Whitsett went on to direct the band from 1992 until Young took over in 2011. “All through my life, I’ve tried to encourage everyone to play an instrument,” Whitsett says. “You can be really good at football, but by the time you’re 30, you probably won’t be playing anymore. You can play an instrument until you drop over.”
Thy glad beams, thou Morning Star,
cheer the nations near and far.
The Moravians’ commitment to pacifism was tested in 1831, when early rumblings of a civil war spread through the state. North Carolina’s legislators revoked the Moravians exemption from duty. No longer would their belief in pacifism spare them from a draft to fight for their state.
Rothrock explains that the men decided to form their own militia with their own elected officers so they’d have a better chance of staying together. “They figured, We’ve got this group together. And we’ve got these musicians,” she says. “So that’s when the musicians really organized formally as the Salem Band.”
Flash forward to the 1860s, when the young nation was torn apart by war. Salem Band members knew from nearly a hundred years of playing together that music has the power to unite people. They didn’t fight with weapons; they healed with song. “Every regiment in the state had a band,” Rothrock explains, “and the majority of Salem’s instrumentalists formed the noted NC 26th Regimental Band and made up most of the NC 21st Regimental Band.”
Even in the midst of fighting, the bands played on. “They were there to entertain the troops, and it lifted spirits when they played,” Rothrock says. “Many times, during battles and skirmishes, the instrumentalists would serve as medics, carrying litters of wounded people.”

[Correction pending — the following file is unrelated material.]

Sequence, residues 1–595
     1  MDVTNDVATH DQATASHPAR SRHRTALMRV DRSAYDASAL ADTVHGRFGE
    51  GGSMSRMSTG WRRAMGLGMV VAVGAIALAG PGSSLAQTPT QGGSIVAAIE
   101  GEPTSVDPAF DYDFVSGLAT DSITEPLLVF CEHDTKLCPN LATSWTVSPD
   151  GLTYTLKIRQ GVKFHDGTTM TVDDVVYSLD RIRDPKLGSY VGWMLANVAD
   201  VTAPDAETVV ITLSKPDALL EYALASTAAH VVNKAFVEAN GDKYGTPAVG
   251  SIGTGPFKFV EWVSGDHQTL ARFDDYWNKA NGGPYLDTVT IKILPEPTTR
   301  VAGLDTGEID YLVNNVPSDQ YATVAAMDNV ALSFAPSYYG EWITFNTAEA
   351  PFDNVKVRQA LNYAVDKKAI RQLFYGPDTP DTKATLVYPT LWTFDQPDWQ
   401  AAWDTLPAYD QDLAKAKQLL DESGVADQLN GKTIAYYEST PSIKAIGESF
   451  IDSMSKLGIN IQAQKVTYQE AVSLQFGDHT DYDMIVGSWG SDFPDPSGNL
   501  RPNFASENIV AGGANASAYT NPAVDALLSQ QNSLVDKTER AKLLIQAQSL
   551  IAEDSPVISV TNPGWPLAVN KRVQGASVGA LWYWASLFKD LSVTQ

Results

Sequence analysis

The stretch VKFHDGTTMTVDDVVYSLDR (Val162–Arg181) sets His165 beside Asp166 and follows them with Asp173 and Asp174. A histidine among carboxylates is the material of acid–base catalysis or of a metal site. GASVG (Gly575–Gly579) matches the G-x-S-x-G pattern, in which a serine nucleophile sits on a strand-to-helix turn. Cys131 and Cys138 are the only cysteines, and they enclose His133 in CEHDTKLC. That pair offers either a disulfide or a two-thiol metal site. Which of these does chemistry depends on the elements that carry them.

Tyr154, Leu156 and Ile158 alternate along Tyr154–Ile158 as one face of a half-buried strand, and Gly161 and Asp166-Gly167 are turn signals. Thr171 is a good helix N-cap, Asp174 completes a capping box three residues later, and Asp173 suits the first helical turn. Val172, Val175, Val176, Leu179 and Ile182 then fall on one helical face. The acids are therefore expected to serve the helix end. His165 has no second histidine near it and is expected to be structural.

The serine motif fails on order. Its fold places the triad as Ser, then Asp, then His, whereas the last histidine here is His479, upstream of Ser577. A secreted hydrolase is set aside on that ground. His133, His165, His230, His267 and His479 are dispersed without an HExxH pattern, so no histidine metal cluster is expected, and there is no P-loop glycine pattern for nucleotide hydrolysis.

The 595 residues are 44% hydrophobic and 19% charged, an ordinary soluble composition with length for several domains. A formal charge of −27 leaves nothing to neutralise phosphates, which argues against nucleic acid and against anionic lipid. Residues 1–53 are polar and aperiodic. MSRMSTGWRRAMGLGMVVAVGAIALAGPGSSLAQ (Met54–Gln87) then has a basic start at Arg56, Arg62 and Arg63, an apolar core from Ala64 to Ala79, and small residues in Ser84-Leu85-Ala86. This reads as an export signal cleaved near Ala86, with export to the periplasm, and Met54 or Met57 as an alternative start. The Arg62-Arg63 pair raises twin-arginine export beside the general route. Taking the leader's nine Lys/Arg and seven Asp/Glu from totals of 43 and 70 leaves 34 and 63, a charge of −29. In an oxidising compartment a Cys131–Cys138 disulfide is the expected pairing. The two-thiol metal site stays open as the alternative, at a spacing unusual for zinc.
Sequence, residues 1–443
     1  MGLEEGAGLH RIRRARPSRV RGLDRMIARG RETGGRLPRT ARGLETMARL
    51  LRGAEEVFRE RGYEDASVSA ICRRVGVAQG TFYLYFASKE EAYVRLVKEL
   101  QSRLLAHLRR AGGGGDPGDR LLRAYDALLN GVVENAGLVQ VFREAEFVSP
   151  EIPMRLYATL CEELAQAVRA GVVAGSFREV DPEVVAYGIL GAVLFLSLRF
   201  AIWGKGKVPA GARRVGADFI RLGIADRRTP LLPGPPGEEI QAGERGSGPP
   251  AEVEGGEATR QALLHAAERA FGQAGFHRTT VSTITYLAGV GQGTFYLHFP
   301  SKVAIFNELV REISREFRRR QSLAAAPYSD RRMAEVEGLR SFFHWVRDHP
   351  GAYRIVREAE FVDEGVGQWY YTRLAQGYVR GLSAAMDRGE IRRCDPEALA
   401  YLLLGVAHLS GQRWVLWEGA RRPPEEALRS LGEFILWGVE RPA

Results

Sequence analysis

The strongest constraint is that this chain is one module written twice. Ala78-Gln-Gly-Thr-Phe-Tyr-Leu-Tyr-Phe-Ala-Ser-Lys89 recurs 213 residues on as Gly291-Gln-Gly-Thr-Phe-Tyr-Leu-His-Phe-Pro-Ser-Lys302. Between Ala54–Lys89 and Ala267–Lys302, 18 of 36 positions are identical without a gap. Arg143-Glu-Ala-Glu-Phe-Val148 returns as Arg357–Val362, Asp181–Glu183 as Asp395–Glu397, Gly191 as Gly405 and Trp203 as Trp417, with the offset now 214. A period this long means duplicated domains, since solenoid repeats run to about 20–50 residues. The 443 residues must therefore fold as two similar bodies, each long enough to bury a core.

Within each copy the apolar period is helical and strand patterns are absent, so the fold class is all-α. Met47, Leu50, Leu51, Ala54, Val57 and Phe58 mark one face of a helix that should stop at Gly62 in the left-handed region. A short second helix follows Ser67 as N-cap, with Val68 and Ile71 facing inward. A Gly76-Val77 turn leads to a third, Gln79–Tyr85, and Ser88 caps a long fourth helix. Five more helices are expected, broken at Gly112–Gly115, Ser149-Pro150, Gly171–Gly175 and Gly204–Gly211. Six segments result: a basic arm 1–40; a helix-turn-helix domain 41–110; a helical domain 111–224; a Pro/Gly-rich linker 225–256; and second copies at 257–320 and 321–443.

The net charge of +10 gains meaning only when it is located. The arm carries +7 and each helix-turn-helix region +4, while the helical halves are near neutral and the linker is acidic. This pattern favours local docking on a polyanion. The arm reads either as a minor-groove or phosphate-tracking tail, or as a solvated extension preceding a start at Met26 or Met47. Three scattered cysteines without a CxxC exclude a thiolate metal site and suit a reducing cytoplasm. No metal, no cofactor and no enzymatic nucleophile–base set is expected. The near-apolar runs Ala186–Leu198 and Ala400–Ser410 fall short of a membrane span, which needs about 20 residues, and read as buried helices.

Young has been conducting the Salem Band for more than a decade; in the beginning, she had reservations about the band’s military service history. “When I started, I often struggled with how to justify part of this band having fought on the wrong side of the war,” she says. “But they really didn’t want to fight and would have done almost anything to avoid it. Being in the band saved their lives and assuaged their convictions — and all through music.”
Morning Star, my soul’s true light,
tarry not, dispel my night.
Rothrock got involved with the band in 1975, the summer after her freshman year at the University of North Carolina at Chapel Hill. Her parents and grandfather played in it. “I’m Moravian and grew up knowing about the band,” she says, adding, “Who didn’t know about the band?”
Today, thinking back on her more than 40-year tenure, Rothrock can’t imagine her life without the Salem Band. “It’s not that I choose to do this,” she says, “it’s one of those things that I can’t not do. It has become a part of me.”
And she can’t imagine her community without it, either. “It’s such a support in times of comfort and in times of grief,” she says. “That’s one of the reasons it’s continued all these years, and will continue into the future. Music is always with us, and as long as we have that, we’re still connected.”
Back in Salem Square, Young raises her baton again. The audience is ready. They know this one — some have heard it from the band, others learned it at church, still others sang it with loved ones. Young’s baton sweeps down, and the band begins to play. The crowd joins in, their shared music rising to the stars above.
We sat down with Salem Band’s first female director to talk about the legacy she’s building and how community-based music has been uniting the town of Winston-Salem for 250 years.
OS: How did you end up in North Carolina, and how did you become the conductor of Salem Band?